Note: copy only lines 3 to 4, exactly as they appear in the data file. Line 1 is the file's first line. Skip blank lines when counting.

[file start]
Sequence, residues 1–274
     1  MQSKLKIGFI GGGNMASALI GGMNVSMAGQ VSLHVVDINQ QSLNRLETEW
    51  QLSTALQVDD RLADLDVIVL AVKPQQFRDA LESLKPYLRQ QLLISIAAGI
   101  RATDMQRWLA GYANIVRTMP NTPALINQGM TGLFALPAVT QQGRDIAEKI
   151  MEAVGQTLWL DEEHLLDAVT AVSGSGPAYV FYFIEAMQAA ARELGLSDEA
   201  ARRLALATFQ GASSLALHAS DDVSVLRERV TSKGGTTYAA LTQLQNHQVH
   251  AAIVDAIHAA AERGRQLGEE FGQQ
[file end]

    51  QLSTALQVDD RLADLDVIVL AVKPQQFRDA LESLKPYLRQ QLLISIAAGI
   101  RATDMQRWLA GYANIVRTMP NTPALINQGM TGLFALPAVT QQGRDIAEKI